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Building a Bridge in a Flood Zone

 
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I'm trying to have a foot bridge built over a creek and will need a bridge with about a 30-40' span. Unfortunatly, the whole area is in a flood zone. What precautions should I take?

I'm planning on building a rainbow bridge since it just needs two supports and nothing in the middle. I also like the idea of how much higher it gets in the middle which I'm hoping will give it clearance during flood seasons if things are floating down the creek. The idea is to build really nice foundations on both ends and use rot resistant wood. The bridge might need to be replaced each year, but it would just need a cheap drop in bridge.

Thoughts?
 
gardener
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Location: Arkansas - Zone 7B/8A stoney, sandy loam soil pH 6.5
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OK, tricky question since you don't mention anything but flood zone.

For any bridge to work correctly (as in not wash away in a flood) the ends must be anchored above the flood zone so to not have water washing against those anchor points.
You could build coffers to protect the anchors like they do for bridge supports located within a river but that is very time consuming and actually no guarantee against wash out.

All the bridges I know of in total flood zones have foundations made of concrete and rebar that are sunk into bedrock at least 3 feet.
 
gardener
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"Flood zone" has a wide range of conditions which will affect the answer.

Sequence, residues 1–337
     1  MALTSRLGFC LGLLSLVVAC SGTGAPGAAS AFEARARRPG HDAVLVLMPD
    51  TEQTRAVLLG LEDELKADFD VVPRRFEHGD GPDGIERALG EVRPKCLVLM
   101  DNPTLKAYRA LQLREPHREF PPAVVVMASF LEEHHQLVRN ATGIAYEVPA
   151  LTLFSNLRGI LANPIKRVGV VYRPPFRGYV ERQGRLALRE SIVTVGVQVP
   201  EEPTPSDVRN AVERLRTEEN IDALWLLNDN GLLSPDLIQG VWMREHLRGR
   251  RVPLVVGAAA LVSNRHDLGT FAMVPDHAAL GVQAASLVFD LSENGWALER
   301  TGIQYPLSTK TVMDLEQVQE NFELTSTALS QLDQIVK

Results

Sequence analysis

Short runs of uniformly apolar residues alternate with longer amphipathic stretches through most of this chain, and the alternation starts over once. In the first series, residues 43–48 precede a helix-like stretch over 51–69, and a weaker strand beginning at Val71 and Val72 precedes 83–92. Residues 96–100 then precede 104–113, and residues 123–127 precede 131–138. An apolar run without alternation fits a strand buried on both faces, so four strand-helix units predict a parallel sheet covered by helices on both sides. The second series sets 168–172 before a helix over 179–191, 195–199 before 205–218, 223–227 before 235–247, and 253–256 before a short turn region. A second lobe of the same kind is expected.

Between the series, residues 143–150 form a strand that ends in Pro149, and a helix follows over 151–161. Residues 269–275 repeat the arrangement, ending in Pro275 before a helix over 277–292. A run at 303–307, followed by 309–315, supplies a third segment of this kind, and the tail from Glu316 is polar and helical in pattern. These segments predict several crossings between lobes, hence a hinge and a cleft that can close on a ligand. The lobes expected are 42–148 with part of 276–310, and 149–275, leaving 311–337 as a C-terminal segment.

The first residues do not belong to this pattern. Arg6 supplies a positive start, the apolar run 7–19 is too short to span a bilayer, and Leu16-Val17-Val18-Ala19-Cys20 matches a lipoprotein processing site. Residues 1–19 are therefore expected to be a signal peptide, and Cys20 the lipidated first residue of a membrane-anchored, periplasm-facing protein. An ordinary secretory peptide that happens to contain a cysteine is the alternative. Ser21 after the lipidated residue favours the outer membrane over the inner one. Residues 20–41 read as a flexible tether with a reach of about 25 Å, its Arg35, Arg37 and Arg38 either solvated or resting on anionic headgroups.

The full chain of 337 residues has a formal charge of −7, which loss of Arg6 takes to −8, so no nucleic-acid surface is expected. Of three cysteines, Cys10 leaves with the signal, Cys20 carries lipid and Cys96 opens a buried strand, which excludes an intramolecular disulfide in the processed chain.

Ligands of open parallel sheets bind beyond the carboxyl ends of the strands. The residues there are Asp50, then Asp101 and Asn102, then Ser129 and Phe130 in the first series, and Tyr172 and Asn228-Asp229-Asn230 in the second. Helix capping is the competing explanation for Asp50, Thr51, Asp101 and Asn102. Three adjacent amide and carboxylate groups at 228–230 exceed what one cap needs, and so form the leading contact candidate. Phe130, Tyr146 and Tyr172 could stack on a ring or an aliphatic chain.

How big is the watercourse, and how steep is the gradient? What are the banks like? Can water spread out in big floods, or is it all contained within the span you want to bridge? What is the worst potential tree that could be washed downstream in a big flood?

My creek has a seven-mile watershed, steep enough that the bed is rocky throughout my section, and carved down 6 to 10 feet below the valley floor and 25 to 40 feet wide. When it floods, the water is all confined until it gets to "catastrophic" scale, and it regularly carries respectable trees a foot or so in diameter, and in the two 500-year floods we had in 2006 and 2011, carried 80 foot white pines 2 to 3 feet in diameter, with all their roots and branches, and tumbled a two-ton boulder 20 feet downstream.

So you need to consider your situation and what could happen, versus how likely it is and what it would take to ensure against damage.
 
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A rainbow bridge is really just a Archimedes Bridge renamed.

Since there are no connections, and it is little more then stacking timber in the right order, it would not be hard to rebuild in a flood. Still the foundation should be secure. That would be easy enough to do with a few purchased wire gabion baskets then filled with rock. For a couple hundred bucks a person could have a decent Archimedes Bridge I would think.
 
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